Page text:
Paul of Tarsus had it right: Sooner or later, you've got to put away childish things.

Now, there's absolutely nothing wrong with Pediatrix's (NYSE:PDX) neonatal practice management business. In fact, you could say that success is part of the problem -- it's done so well that it will likely have to find a new market to continue growing at the pace to which investors have become accustomed.

That's not to say that the company doesn't have a few more good quarters to put in the books. Revenue in December rose 10%, as same-unit revenue increased 3.5% atop a 1.7% rise in patient volumes. Margins also continued to improve; the company reported that adjusted operating income rose 25%, while earnings per share, also on an adjusted basis, were up 18%.

Management also announced a proposed settlement with the government that would resolve a long-standing investigation of billing practices with a $25 million payment. While this payment does wrap up one outstanding issue, it doesn't address some investors' bigger question: Can the company continue to grow? There's still the opportunity for states to mandate more tests (standards currently range from 4 to 40), but relying upon state governments to boost your growth is hardly a sound strategy.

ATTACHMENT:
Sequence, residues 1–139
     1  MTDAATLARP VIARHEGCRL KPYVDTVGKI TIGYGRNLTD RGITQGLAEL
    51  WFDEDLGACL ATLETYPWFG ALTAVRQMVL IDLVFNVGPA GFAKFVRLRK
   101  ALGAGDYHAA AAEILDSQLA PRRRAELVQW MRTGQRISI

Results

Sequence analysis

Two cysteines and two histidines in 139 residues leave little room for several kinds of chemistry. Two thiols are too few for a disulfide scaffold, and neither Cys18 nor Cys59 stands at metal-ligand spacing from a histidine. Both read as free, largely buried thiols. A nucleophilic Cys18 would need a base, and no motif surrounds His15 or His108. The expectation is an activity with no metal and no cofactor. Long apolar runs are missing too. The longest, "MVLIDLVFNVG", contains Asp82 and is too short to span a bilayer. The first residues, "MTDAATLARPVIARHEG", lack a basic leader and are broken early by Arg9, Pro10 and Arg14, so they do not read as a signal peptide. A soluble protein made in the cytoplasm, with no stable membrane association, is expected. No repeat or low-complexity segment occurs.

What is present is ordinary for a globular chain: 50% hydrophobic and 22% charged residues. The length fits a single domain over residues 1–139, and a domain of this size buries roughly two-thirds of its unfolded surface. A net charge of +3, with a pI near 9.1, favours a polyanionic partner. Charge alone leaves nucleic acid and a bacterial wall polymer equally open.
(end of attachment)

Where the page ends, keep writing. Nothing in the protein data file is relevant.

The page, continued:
Instead, I would expect the company to begin duplicating its successful model in new areas of physician practice. Both analysts and the company have discussed anesthesiology as one potential target, and while it's a big leap from neonatal care, I'm inclined to give this company the benefit of the doubt. After all, it's one of the few physician practice management companies that has managed to survive, let alone thrive.

Good luck finding comparable companies. American DentalPartners (NASDAQ:ADPI), PainCare (NYSE:PRZ), and VCA Antech (NASDAQ:WOOF) share some similarities but are more different than alike in my view. Same goes for other successful (but quite different) health-care companies like AmSurg (NASDAQ:AMSG) or PsychiatricSolutions (NASDAQ:PSYS).

In valuing Pediatrix, you have to decide whether to include some, all, or any of its spending on acquisitions as part of its capex requirements, since ongoing acquisitions are undoubtedly a key aspect of future growth. By my methodology, Pediatrix is still a strong player, but the stock isn't quite as appealing as it was 10% or 20% ago.

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Fool contributor Stephen Simpson has no financial interest in any stocks mentioned (that means he's neither long nor short the shares).